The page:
Gov. Jim Justice and the state Department of Education announced yet more changes to the planned statewide school closures that are meant to help slow the spread of the coronavirus.
In a news release Saturday evening, the governor and the education department announced a minimum amount of time that schools will be physically closed to students: at least through March 27.
They also announced all public school employees are expected to return to work starting Thursday and Friday, not Monday. County school systems will determine staffing requirements after that.
Justice first announced plans to shutter state schools indefinitely during a Friday morning news conference, and later that day the education department announced that “while schools are closed to students, faculty and staff are expected to report to work.”
But around 6 p.m. Saturday — after pushback from school employees against having to physically show up Monday — Justice and the department sent out their latest news release.
“I have been and will remain in constant contact with Superintendent [Clayton] Burch,” Justice announced, “and we both have heard the concerns of our teachers and school service personnel. We want to make sure all their concerns are taken into consideration as we develop our plans.”
The release said, “Essential staff, as determined by each county board of education, will report Monday, March 16, through Wednesday, March 18, to develop continuity plans for students.” Later, the release said county superintendents will define what “essential” means in their counties.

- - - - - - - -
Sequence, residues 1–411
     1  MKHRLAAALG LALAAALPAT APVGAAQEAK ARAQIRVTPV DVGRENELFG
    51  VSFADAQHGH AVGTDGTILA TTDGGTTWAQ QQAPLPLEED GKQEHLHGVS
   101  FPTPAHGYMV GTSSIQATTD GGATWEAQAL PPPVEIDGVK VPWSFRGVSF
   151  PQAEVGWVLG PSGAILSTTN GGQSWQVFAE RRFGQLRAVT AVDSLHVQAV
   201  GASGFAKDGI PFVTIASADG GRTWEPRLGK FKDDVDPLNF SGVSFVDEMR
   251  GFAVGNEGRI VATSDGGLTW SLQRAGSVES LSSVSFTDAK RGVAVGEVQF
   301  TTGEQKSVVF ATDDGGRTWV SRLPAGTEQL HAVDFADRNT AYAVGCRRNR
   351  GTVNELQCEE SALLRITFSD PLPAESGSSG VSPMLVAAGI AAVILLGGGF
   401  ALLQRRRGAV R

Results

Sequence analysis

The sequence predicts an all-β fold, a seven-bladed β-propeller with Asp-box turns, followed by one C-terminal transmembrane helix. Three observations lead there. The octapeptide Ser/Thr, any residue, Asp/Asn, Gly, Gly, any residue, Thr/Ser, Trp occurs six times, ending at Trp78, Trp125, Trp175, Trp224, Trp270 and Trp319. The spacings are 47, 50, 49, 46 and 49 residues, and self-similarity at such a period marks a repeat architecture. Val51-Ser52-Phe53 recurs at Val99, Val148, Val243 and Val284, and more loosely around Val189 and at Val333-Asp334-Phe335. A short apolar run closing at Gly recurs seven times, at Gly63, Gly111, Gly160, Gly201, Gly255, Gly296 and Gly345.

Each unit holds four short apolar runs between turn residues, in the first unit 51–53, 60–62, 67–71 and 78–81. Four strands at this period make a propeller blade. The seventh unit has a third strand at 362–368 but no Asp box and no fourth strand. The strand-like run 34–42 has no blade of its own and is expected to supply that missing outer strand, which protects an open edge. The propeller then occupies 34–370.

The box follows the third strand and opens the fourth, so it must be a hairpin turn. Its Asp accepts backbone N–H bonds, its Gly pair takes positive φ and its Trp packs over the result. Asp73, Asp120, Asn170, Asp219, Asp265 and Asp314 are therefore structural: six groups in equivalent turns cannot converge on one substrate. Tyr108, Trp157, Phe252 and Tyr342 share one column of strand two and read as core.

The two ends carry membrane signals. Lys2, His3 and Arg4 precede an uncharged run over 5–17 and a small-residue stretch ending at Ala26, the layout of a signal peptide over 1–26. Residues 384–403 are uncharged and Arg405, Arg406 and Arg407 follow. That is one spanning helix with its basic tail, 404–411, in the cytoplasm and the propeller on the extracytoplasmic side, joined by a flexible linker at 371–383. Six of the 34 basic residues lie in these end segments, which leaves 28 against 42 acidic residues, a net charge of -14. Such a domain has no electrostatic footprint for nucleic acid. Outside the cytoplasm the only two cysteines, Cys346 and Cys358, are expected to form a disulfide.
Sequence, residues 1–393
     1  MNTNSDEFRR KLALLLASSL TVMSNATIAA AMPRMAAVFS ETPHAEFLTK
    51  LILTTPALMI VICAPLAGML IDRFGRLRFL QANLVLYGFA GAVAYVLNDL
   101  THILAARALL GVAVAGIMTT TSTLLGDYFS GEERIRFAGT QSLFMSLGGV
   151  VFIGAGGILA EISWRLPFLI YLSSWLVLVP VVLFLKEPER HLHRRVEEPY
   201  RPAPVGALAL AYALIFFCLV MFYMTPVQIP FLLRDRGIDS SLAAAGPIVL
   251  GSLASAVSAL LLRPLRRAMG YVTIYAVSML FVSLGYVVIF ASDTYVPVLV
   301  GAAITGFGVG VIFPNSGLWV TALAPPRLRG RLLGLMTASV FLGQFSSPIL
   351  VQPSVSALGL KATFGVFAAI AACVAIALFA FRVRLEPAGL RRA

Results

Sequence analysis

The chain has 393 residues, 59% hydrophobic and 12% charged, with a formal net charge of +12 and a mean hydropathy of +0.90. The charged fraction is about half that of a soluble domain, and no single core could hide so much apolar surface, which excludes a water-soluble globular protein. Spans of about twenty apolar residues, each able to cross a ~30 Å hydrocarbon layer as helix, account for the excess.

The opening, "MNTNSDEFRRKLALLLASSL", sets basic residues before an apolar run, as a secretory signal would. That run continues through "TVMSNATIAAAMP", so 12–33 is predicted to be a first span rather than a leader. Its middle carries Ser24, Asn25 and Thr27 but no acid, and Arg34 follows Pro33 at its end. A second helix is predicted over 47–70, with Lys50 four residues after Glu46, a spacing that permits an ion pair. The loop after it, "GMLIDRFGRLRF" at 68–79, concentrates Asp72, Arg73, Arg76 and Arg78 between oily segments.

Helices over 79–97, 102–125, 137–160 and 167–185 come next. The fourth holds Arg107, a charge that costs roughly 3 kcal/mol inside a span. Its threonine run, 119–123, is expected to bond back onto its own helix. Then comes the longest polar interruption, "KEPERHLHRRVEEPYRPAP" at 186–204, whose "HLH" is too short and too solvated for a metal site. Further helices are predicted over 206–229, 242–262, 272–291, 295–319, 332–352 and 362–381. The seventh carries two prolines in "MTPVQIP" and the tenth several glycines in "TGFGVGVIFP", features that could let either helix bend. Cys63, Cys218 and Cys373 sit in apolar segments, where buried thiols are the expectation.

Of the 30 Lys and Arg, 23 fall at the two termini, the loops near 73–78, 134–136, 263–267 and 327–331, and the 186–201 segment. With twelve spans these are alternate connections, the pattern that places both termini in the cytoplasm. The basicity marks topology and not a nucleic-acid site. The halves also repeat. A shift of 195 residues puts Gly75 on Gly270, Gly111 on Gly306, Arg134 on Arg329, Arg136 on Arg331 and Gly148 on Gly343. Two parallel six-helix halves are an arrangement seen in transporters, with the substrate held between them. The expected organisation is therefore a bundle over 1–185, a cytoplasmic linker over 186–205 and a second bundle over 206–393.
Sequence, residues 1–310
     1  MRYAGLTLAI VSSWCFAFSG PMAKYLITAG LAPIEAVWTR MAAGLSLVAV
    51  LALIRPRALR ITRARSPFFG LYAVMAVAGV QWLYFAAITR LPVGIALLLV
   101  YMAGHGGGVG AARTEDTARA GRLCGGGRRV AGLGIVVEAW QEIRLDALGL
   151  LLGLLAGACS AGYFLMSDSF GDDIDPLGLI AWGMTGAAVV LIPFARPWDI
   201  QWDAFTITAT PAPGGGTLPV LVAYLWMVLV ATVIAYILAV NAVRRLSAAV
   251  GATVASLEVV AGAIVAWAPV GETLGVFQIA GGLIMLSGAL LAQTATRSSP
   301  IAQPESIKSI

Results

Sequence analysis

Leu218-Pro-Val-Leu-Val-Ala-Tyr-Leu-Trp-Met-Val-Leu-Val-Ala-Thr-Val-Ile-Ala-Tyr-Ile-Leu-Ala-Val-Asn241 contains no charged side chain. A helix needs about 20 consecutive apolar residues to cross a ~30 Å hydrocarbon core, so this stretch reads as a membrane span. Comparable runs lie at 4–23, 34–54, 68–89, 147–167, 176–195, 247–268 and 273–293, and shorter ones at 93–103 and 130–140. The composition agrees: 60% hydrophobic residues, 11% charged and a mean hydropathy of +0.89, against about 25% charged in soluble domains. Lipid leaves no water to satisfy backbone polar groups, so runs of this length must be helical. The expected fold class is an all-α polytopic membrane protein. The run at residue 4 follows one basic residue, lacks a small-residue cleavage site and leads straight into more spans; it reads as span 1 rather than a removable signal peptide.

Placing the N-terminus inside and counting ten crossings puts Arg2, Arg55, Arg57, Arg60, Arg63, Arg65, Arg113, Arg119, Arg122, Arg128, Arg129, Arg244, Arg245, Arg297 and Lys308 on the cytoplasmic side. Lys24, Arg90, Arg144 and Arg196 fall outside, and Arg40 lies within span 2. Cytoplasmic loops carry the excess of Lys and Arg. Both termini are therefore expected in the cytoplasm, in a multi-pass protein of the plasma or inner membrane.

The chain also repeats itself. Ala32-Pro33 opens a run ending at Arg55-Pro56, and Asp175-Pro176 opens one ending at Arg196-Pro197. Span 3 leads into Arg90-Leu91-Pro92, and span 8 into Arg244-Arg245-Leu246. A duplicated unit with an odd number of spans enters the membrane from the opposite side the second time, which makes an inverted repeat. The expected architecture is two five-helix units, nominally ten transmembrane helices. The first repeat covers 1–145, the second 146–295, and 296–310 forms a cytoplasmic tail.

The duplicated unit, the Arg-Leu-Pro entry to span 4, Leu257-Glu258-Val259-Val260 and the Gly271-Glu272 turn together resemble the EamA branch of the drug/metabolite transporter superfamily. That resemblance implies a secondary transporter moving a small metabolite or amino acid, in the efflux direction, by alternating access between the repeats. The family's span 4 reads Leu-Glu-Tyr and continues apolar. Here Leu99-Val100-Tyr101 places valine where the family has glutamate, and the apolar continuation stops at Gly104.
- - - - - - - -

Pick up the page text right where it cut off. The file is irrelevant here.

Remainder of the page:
“Essential personnel including transportation staff, custodial staff, and food service staff are necessary during this time to ensure child nutrition efforts are implemented effectively for the over 200,000 students who rely on school meals for their daily nutrition,” the release said. “County boards of education may use school buses to transport meals to students throughout the duration of the closure.”
“During this time,” the release said of Monday through Wednesday, “the county superintendents will work with local boards of education, leadership teams, and essential staff to devise a continuity plan that outlines how to best meet the needs of students and the community during this extended closure.”
Regarding Thursday and Friday, the release said:
“All remaining teachers and staff will return to work on Thursday, March 19, and Friday, March 20, to make sure plans are properly implemented so student needs, educator well-being, and the continuity of instruction are properly addressed. County boards of education will determine staff requirements for Monday, March 23, and beyond. The county leadership team may choose to establish flexible work options including adjusted schedules and remote work.”
The Gazette-Mail interviewed multiple teachers and others before Saturday’s announcement waiving the requirement to physically show up to work Monday.
Dale Lee, president of the West Virginia Education Association school workers union, said, “We’ve expressed concerns that we’ve heard from our members, particularly those with some illnesses and some medical problems and things like that.”